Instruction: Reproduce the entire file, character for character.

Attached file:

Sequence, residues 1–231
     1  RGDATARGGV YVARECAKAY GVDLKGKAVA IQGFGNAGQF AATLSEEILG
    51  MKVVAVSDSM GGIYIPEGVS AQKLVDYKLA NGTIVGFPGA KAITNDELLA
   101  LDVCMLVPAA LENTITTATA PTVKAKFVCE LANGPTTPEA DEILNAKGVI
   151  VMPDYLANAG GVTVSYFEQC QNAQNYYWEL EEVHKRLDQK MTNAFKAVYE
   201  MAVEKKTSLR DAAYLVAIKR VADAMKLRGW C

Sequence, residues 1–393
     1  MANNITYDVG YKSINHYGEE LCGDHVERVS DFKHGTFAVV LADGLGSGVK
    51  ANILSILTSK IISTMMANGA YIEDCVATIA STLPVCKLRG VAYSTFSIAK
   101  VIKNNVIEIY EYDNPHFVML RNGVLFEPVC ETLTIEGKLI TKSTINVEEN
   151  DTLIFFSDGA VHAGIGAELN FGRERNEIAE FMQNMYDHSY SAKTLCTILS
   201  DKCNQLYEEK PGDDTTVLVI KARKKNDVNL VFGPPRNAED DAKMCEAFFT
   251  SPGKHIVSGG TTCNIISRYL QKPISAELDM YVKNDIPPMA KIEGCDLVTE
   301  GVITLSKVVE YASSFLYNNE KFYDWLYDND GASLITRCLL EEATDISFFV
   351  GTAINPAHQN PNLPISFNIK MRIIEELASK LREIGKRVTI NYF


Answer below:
Sequence, residues 1–231
     1  RGDATARGGV YVARECAKAY GVDLKGKAVA IQGFGNAGQF AATLSEEILG
    51  MKVVAVSDSM GGIYIPEGVS AQKLVDYKLA NGTIVGFPGA KAITNDELLA
   101  LDVCMLVPAA LENTITTATA PTVKAKFVCE LANGPTTPEA DEILNAKGVI
   151  VMPDYLANAG GVTVSYFEQC QNAQNYYWEL EEVHKRLDQK MTNAFKAVYE
   201  MAVEKKTSLR DAAYLVAIKR VADAMKLRGW C

Sequence, residues 1–393
     1  MANNITYDVG YKSINHYGEE LCGDHVERVS DFKHGTFAVV LADGLGSGVK
    51  ANILSILTSK IISTMMANGA YIEDCVATIA STLPVCKLRG VAYSTFSIAK
   101  VIKNNVIEIY EYDNPHFVML RNGVLFEPVC ETLTIEGKLI TKSTINVEEN
   151  DTLIFFSDGA VHAGIGAELN FGRERNEIAE FMQNMYDHSY SAKTLCTILS
   201  DKCNQLYEEK PGDDTTVLVI KARKKNDVNL VFGPPRNAED DAKMCEAFFT
   251  SPGKHIVSGG TTCNIISRYL QKPISAELDM YVKNDIPPMA KIEGCDLVTE
   301  GVITLSKVVE YASSFLYNNE KFYDWLYDND GASLITRCLL EEATDISFFV
   351  GTAINPAHQN PNLPISFNIK MRIIEELASK LREIGKRVTI NYF